Covid-19: Uganda’s route out is obvious

As some rich countries aim for full vaccine coverage, vaccine hoarding means just 2% of Ugandans have received a COVID-19 jab.

Ugandan troops getting COVID-19 vaccines. Credit: AMISOM Photo/Mokhtar Mohamed

As COVID-19 spread rapidly across much of the world last year, Uganda managed to stay relatively unaffected. It has decades of experience in handling epidemics and its responsive National Task Force has long been a model for the rest of world. These helped keep cases low despite a wave around the end of 2020.

Since this May, however, the situation has changed. Three months after India experienced a huge surge, Uganda sadly followed suit. Cases skyrocketed like never before, with the country recording upwards of 1,700 new cases per day by mid-June. The country’s death toll from COVID-19 has almost tripled in this second wave. Nearly everyone seems to know someone who has caught the disease and horror stories of lost friends or relatives reach us every day. Hospitals are reportedly overwhelmed.

In response, Uganda has locked down again for and COVID-19 prevention measures are being applied with renewed vigour. But the country’s experience suggests that this is no longer enough with the much more infectious Delta variant becoming dominant. If countries like Uganda – and therefore the world – are to contain the pandemic, vaccine justice is urgently needed.

Uganda’s second wave

Uganda has a long history of successfully managing epidemics such as Ebola, Marburg virus, Rift Valley fever, and cholera. It has a sophisticated infrastructure and set of policies for doing so.

Its epidemic response is structured around the public health system and managed through a National Task Force (NTF), which has several sub-committees. In the event of any emergency, the Public Health Emergency Operations Centre is activated and the NTF plans, guides, and coordinates the response. The NTF structure is mirrored at the district and sub-county levels so guidance can be tailored and implemented locally. Since 2000, Uganda has also had an Integrated Disease Surveillance (IDSR) strategy, which has improved surveillance and links to other parts of the health system.

This preparedness meant that when the COVID-19 pandemic began, the government could quickly announce an array of measures such as lockdowns and awareness raising campaigns to curb its spread.

This worked well until the second wave hit this May. And as of 18 June 2021, Uganda has reimposed a total lockdown. For 42 days, schools and weekly markets are closed, inter-district travel is banned, and social gatherings and funeral services are suspended or reduced in size. To mitigate some of the devastating economic effects, the government is planning to send one-time cash transfers of 100,000 UGX ($30) to the most vulnerable, while the IMF has awarded the country $1 billion extended credit to help with the crisis.

In Kampala, people’s attitudes towards COVID-19 have shifted. While some previously thought the risk from COVID-19 was low, now many appreciate the gravity of the situation. Globally, there has been a crisis of public trust as many governments politicised the COVID-19 response and this exacerbated existing mistrust in public institutions. In Uganda, contested elections in January 2021 and stringent public health measures contributed to some citizens’ beliefs that the response was political. These beliefs are more complicated now that many more people now know someone who has been seriously ill or died. More people are wearing masks, communities are distributing posters on how to prevent the spread of COVID-19, and hand washing stations are re-appearing.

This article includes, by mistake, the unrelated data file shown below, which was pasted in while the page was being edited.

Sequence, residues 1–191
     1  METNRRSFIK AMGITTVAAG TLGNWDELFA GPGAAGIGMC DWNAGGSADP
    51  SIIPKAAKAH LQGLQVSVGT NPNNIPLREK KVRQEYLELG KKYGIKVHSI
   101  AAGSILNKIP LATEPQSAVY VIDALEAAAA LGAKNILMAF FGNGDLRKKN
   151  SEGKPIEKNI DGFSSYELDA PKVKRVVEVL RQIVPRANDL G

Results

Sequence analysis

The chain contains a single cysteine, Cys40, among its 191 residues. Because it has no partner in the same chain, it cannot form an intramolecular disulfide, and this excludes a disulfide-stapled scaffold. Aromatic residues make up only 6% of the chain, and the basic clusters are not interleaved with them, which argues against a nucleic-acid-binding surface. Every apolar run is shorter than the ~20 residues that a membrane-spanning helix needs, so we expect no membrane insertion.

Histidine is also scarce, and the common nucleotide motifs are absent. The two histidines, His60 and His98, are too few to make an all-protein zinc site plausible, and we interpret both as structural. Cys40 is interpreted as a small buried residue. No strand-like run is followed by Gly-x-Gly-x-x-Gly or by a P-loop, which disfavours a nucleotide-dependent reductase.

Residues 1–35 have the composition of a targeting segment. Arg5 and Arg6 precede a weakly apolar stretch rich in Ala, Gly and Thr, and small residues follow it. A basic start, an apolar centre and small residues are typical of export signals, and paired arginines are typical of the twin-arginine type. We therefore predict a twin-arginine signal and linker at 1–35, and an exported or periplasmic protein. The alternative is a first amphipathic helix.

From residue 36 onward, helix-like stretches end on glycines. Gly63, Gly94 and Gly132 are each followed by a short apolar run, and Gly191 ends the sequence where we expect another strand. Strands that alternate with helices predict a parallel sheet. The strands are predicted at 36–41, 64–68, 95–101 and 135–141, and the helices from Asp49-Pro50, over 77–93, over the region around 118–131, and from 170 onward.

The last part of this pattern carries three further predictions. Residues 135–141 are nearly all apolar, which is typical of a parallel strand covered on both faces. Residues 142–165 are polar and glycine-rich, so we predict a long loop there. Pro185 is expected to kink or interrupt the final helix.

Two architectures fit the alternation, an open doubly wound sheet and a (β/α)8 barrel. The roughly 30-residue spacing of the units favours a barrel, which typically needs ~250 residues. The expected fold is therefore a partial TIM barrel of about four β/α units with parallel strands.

“A deliberate global architecture of unfairness”

These rapid measures have slowed down the spread, but they are not enough. The Delta variant, which is driving the current wave, is significantly more transmissible and potentially leads to more severe illness than other strains. As other countries have shown too, lockdown restrictions may help but they will not contain this variant, particularly within Uganda’s densely populated urban informal settlements.

It does not have to be enough. Several vaccines have been shown to be highly effective against the Delta variant, especially after two doses, and nearly 2 billion people in the world have now received at least one jab. A combination of immunisation and restrictions appears to be the one feasible way out of this crisis. Yet of 2 billion to been vaccinated, less than 1 million are in Uganda and just 36 million are in Africa.

While 67% of people in the UK and 55% of those in the US have received a vaccination, this falls to less than 2% for Uganda. This gross disparity poses the greatest threat to global health as we know it. It does not just mean that many more people will get ill and die in low and middle-income countries, but it significantly raises the likelihood that new COVID-19 variants – which could well be more resistant to vaccines – will emerge and spread.

This therefore is a clarion call to make COVID-19 vaccines available to the rest of the world. Vaccine inequity is the result of vaccine hoarding by wealthy nations or, as African Union Special Envoy Strive Masiyiwa recently put it, “a deliberate global architecture of unfairness”. What Uganda and the whole world needs is the immediate waiver of intellectual property rights and a global effort to produce COVID-19 vaccines at a more rapid rate.

The post Covid-19: Uganda’s route out is obvious appeared first on African Arguments.


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Author : David Mafigiri & Megan Schmidt-Sane

Publish date : 2021-07-06 09:14:00

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